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The International Bande Dessinée Society: February 2014 by Lisa Tannahill and Chris O’Neill

The International Bande Dessinée Society (IBDS) was founded in 1999, aiming to encourage scholarly discussion of the French-language comic or bande dessinée, in all its forms. Their journal, European Comic Art, (ECA), is published twice-yearly, with previous issues focusing on national identity, caricature, narration, 19th-century comic art, adaptation and other diverse themes in the European comic medium. IBDS conferences have taken place bi-annually since 1999; the most recent conference was held at the Universities of Glasgow and Dundee in June 2013.

However, English-language bande dessinée scholarship is still in relative infancy, and French-language works are seldom translated. The purpose of this new, twice-yearly column is to draw attention to both recent English-language work on bande dessinée and francophone scholarship which may otherwise go unnoticed in anglophone countries. We do not aim to cover all relevant work; the popularity of bande dessinée in the francophone world means many books on the subject are published every year. Instead we will highlight a selection of the most notable or interesting works which appear throughout the year. In this first edition we will look back at books published in 2013.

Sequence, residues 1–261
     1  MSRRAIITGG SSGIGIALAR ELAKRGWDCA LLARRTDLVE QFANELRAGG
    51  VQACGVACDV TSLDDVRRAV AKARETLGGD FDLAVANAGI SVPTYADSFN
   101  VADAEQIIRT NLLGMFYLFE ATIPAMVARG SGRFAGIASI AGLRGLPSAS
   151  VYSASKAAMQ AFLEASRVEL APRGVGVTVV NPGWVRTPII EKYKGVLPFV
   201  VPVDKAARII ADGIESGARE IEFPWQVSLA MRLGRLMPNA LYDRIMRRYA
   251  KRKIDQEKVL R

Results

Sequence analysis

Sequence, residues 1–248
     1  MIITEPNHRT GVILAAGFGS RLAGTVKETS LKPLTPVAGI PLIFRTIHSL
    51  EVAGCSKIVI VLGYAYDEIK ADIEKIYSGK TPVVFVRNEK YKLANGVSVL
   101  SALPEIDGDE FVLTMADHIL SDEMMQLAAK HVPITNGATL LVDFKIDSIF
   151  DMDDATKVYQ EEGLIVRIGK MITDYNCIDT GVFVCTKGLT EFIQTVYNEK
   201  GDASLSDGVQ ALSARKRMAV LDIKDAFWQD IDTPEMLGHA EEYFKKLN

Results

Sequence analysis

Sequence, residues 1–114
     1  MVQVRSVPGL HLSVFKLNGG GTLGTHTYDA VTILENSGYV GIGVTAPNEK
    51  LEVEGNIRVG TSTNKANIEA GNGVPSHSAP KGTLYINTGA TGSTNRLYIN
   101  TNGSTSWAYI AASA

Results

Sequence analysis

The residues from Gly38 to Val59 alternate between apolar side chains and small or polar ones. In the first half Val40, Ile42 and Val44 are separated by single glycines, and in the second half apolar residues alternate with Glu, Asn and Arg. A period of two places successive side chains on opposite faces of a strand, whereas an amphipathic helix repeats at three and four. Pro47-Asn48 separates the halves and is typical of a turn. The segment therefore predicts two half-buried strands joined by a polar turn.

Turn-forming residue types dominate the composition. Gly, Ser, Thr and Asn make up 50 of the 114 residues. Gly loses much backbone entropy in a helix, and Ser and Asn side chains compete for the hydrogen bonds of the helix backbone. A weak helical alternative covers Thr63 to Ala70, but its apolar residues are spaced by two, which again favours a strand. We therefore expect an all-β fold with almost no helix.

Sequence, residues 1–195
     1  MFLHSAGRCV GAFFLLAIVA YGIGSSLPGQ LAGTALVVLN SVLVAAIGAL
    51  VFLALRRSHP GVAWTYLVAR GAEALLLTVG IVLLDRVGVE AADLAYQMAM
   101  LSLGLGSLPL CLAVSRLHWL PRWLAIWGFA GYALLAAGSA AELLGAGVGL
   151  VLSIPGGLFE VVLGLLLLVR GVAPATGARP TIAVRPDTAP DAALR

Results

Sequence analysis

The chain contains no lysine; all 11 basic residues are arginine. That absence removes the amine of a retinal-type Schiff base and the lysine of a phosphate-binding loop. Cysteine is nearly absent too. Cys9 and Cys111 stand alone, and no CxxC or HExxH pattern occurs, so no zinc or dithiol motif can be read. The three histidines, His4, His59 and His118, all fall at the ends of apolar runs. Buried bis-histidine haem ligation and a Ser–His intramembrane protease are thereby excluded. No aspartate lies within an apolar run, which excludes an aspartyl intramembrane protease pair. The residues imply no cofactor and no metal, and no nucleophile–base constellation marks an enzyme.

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Conference Review: The International Bande Dessinée Society’s Seventh International Conference by Matthew Screech

The Joint International Conference of Graphic Novels, Comics and the International Bande Dessinée Society’s Seventh International Conference

July 5-8 2011

Manchester Metropolitan University

The bande dessinée part of the joint conference took up the baton after two very stimulating days with GNAC and SIC. We too were pleased by the quantity and quality of papers and we ran parallel sessions. The morning of 7th July began with panels comprising two distinct strands: bandes dessinées and Francophone Africa, and BDs drawing upon the European Classics. The first strand began with Laurike in’t Veld’s insights into how the Rwandan genocide was represented in comics, and continued with Michel Bumatay’s study of Sub-Saharan African Francophone BDs. The focus on Africa continued with Mark Mckinney, who drew upon (post) colonial strips to argue that autobiography began in BDs earlier than is generally recognised. This was followed by Cathal Kilcline’s analysis of Boudjellal, who depicts an immigrant family in Toulon. The European Classics strand began with papers by Linda Rabea-Heyden and Matthew Screech on comic strip adaptations of canonical literary works: Goethe’s Faust and Voltaire’s Candide. Next came a re-examination of bande dessinée Classics with Bart Beaty, who closely scrutinised panels from Bravo’s re-make of the best-selling hero Spirou. Another strip to enter the pantheon of classics, Lieutenant Blueberry, was discussed by Martha Zan, who established its similarities with ss.